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certained by their ashes after incineration, and constitute a very minute portion ; but, however minute, they are evidently essential to the perfection or fructification of the plant. Besides these there are certain organic acids, which are found in the juices of plants and usually combined with some inorganic bases. The alkaline bases or earths must exist in the soil, or they cannot be found in the plant. In some cases, however, one kind may be substituted for another.

The author discusses at large the doctrine of humus, humin, ulmin, humic acid, apotheme, geine, all referring to one substance, as the food of plants. This matter is generally understood to be a certain brown or carbonaceous substance resulting from vegetable decomposition. Some portions of it are soluble in water or alkalies ; oiber portions are insoluble but by extraordinary means. The common opinion has been that it constituted directly the food of plants, and required only to be dissolved to be taken up by the roots of the plants and assimilated by them. Others have maintained that it requires to be dissolved by the application of alkalies, and combining with them in the form of an acid, it becomes then prepared for the food of plants. Our author wholly denies these positions by showing that so far from humus being extracted from the soil, it is in fact increased by cultivation, as in the case of a forest, the more abundant the growth of wood upon it, the greater the amount of humus in the soil, where the débris of the wood is suffered to remain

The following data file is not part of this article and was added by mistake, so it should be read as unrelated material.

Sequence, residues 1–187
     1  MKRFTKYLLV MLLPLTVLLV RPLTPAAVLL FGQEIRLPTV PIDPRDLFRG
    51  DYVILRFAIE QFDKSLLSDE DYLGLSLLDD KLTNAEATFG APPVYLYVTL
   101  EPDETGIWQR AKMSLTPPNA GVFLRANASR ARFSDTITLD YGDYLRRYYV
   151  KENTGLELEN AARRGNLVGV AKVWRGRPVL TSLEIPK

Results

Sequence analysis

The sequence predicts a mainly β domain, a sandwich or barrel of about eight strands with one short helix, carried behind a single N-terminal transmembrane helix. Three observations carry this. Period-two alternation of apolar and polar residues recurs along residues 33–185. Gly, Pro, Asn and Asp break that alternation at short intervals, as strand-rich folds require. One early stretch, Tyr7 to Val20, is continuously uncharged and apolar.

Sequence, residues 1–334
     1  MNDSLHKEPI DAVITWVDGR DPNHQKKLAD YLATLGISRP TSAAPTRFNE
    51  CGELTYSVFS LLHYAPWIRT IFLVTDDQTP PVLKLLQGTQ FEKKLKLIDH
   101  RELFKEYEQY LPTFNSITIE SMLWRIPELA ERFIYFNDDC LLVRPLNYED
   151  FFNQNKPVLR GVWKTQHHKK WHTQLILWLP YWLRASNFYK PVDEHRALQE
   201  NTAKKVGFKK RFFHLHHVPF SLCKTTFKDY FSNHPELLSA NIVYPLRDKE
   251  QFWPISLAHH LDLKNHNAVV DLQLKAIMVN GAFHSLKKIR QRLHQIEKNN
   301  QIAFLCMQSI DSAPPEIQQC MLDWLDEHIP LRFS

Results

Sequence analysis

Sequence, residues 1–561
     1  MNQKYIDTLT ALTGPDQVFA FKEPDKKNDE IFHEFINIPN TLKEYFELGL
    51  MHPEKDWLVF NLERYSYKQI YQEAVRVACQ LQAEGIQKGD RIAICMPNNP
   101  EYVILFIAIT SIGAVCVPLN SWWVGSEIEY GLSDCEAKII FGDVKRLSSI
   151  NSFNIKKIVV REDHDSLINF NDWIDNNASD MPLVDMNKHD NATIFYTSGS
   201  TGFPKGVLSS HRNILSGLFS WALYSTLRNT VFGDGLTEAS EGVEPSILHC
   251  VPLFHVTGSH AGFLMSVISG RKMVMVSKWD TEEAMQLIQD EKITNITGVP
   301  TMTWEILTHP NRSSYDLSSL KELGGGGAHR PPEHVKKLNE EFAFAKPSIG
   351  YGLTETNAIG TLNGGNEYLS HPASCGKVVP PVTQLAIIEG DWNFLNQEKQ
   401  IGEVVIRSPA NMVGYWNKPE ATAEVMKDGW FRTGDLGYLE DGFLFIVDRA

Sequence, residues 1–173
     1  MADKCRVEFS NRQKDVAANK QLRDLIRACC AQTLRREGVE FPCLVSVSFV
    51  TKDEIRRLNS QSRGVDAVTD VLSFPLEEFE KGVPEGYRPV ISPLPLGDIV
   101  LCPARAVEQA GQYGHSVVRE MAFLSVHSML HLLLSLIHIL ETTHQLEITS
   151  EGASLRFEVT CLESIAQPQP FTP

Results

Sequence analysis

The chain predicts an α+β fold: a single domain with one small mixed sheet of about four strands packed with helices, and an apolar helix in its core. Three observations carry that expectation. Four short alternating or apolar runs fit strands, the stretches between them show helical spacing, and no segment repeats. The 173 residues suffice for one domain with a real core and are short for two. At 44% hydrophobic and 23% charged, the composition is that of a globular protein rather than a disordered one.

upon

the land. " A certain quantity of carbon is taken every year from the forest or meadow in the form of wood or hay ; and, in spite of this, the quantity of carbon in the soil augments; it becomes richer in humus.

“ The opinion that the substance called humus is extracted from the soil by the roots of plants, and that the carbon entering into its composition serves in some form or other to nourish their tissues, is so general and so firmly established, that hitherto any new argument in its favor has been considered unnecessary ; the obvious difference in the growth of plants according to the known abundance or scarcity of humus in the soil, seemed to afford incontestable proof of its correctness. Yet this position, when admitted to a strict examination, is found to be untenable ; and it becomes evident that humus in the form in which it exists in the soil does not yield the smallest nourishînent to plants.” – p. 61. VOL. LIII. No. 112.

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He attempts to prove his position, that the carbon of the plant cannot be derived from the soil, by a calculation of weights and measures. Humic acid, or the humus of the soil, can only be absorbed by the plant in combination with some inorganic bases or metallic oxide. We do not think it important here to give anything more than the results of some of his calculations. He

supposes

that upon an average 40,000 square feet of land, Hessian measure, yield annually 2650 lbs. of dry fir wood, which contain 5.6 lbs. Hessian of metallic oxides. Now it is ascertained in what proportion humic acid combines with the metallic oxides, with lime for example. Having determined the metallic oxides existing in such a product, he easily determines the amount of humic acid thus introduced into the trees ; and, allowing humic acid to contain 58 per cent. of carbon, this would correspond only to the production of 91 lbs. Hessian of dry wood. But 2650 lbs. of fir wood are actually produced. These calculations are well worth examining, and, if accurate, it is difficult to deny the inference which follows from them, that the humic acid existing in a soil, supposing all its carbon to be taken up and assimilated, will supply but a very small portion of that which exists in the crop, grown upon the soil.